Russia's Medvedev Reflects on Rise to Power, Religion and Rock Music

Russia's president talks about rock music, and his career and religion.

April 12, 2010, 10:11 PM

April 13, 2010— -- Even though Dmitry Medvedev grew up in the Union of Soviet Socialist Republics, Western influences breached the barriers, and he developed a deep love of rock music and for bands such as Led Zeppelin, Deep Purple and Pink Floyd.

As a teenager, Medvedev saved for months to buy a copy of Pink Floyd's "The Wall," an album the band released in 1979.

"Although I lived behind the Soviet Iron Curtain, the music seeped through. We listened to what the whole planet listened to," the Russian president told "Good Morning America" anchor George Stephanopoulos in an exclusive interview Friday.

Fresh from signing the new START nuclear arms treaty with U.S. President Barack Obama, Medvedev opened up about his youth, his love of technology and his commitment to religion.

Medvedev is a former law professor and businessman who wears his BlackBerry smartphone on his belt, and at 44, he's the youngest Russian leader in more than a century.

In his youth he lived in Leningrad -- now known as St. Petersburg -- in a 430-square-foot apartment with his parents. Both were professors -- his father, of physics and his mother of Russian literature. Medvedev followed in his academic parents' footsteps, becoming a law professor.

He married his childhood friend and sweetheart, Svetlana. The couple's son, Ilya, was born in 1995.

Medvedev cut his political teeth while the Soviet Union was crumbling, working side by side in the St. Petersburg mayor's office with a former KGB officer named Vladimir Putin.

Their political stars rose in tandem.

When Putin became prime minister, Medvedev was his chief of staff, and then was Putin's handpicked successor to the office of president in 2008. The two remain close friends.

But Medvedev has been dogged by allegations that he is little more than Putin's puppet. It is an accusation he flatly denies.

Medvedev Needs His Religion

In fact, in a separate exclusive interview about the new treaty, Medvedev said he found that question "annoying," adding that he was "tired" of answering it.

"The decision is taken by the person who is designated to do it by law. If you consider the questions of foreign and domestic politics, the defense, the security, this is only the president. And nobody else," Medvedev said.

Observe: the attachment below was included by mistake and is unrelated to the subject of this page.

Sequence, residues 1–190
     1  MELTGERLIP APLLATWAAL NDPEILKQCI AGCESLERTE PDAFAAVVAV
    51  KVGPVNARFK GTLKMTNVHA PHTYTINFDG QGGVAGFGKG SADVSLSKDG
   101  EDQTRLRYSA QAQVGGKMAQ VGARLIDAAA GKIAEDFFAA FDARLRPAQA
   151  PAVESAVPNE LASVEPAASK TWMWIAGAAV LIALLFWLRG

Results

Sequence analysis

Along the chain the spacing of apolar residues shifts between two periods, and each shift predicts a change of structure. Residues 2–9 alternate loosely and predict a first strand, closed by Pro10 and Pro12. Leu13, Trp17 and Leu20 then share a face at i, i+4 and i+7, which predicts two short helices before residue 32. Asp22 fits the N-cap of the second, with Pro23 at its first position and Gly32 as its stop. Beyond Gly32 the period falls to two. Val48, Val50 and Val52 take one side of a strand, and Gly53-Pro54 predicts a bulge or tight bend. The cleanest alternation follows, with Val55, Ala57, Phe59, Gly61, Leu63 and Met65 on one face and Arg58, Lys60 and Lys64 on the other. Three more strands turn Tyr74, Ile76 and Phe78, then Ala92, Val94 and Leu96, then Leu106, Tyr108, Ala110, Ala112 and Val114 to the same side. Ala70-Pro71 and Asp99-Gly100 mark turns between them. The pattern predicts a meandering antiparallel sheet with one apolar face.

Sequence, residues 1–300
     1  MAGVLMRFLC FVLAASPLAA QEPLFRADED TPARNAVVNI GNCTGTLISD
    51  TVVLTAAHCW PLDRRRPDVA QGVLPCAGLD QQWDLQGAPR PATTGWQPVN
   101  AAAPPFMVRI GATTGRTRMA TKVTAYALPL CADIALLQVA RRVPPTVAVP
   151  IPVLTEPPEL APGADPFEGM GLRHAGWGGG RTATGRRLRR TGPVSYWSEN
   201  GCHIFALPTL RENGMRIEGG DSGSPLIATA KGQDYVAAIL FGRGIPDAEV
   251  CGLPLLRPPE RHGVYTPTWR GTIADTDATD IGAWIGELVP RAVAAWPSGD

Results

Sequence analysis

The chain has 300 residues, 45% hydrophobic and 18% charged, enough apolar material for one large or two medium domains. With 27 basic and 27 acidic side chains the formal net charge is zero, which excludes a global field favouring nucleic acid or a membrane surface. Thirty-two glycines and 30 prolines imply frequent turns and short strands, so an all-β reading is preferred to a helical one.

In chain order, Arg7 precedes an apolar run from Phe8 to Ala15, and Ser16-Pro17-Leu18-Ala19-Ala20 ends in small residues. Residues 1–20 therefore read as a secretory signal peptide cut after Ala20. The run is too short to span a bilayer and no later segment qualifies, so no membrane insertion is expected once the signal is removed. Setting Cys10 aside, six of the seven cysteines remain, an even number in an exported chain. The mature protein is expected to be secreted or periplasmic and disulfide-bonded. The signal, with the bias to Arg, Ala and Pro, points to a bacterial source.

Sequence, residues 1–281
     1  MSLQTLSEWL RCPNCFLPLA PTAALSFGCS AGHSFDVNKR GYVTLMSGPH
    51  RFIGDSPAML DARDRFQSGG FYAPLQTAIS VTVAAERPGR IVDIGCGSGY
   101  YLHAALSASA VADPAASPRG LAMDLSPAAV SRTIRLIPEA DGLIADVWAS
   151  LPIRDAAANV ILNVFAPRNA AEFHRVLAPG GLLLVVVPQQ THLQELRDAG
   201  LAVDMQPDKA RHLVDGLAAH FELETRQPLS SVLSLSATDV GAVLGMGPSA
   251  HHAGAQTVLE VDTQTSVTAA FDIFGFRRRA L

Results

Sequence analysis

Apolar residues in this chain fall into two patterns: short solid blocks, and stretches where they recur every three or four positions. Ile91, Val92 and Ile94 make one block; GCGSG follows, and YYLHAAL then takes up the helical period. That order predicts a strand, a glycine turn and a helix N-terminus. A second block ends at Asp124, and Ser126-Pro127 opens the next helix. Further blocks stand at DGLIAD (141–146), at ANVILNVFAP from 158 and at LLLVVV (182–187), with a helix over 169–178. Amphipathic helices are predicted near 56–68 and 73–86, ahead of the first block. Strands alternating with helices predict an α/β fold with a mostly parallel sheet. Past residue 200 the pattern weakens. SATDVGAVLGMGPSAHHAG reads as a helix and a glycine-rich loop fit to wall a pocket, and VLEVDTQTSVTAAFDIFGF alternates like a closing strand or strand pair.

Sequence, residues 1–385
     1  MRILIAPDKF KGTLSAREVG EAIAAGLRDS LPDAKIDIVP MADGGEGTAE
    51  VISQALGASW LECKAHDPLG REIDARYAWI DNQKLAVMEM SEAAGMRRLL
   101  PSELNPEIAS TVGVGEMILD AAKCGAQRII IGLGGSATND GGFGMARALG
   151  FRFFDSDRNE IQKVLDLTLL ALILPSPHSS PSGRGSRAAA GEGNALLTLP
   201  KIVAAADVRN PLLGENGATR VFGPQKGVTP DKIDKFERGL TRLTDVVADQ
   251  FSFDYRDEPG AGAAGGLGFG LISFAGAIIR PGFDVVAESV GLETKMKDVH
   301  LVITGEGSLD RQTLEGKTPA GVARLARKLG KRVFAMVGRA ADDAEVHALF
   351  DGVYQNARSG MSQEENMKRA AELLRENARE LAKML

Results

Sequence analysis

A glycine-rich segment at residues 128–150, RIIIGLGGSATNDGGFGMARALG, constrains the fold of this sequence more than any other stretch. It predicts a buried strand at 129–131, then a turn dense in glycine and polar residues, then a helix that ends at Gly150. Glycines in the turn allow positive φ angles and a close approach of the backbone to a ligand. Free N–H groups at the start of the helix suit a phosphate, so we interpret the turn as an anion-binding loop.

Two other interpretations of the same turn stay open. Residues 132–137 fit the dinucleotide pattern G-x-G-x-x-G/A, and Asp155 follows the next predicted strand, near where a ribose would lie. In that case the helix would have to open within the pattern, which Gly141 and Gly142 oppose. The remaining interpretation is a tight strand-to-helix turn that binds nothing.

Medvedev is his own man in another significant way. Unlike many of his predecessors, this Russian leader has publicly declared his faith.

He was baptized a Russian Orthodox Christian when he was 23 years old.

Asked why he embraced religion when he was raised in a secular nation, Medvedev replied that he "needed it."

"Why do people go to church?" he said. "They come because they feel a need, except if they're sightseeing. So at 23 I felt I needed it. I believe it's good for me, because afterwards my life changed.

"You don't really talk aloud about something like that because the religious feelings should be somewhere deep inside of you. If someone is displaying it, it's not really honest. It's more PR for yourself. But I believe religion is important for every person."

Russia's newest president has embraced the digital age.

"My day starts browsing the Internet," he said. "I do go to official sites and journals. I go to international sites. And you'd be surprised -- I do watch the sites of the opposition."

Medvedev is committed to being in top physical form, and most days he works out at the gym for about an hour.

He was publicly very unhappy with Russian athletes' disappointing performance at the Winter Olympic Games in Vancouver.

Medvedev: Nation's Athletes Should "Prepare Better" for Next Winter Olympics

Russia typically dominates at the Winter games, but took just 15 medals -- three of them gold -- in Vancouver, marking the nation's worst-ever medal count for a Winter Olympics.

Medvedev called for the resignation of several of his country's sports officials.

"I didn't have an Olympic Games, I didn't take part in them, but they were a tough games for our country, yes, because for the first time we had a steep decline in the medal count.

"This is not a national disaster, but we have to take a lesson from it," he said. "We should prepare better next time. Because when you host the Olympics you are counting on many medals."

The next Winter Olympic Games will be held in Sochi, Russia, in 2014.

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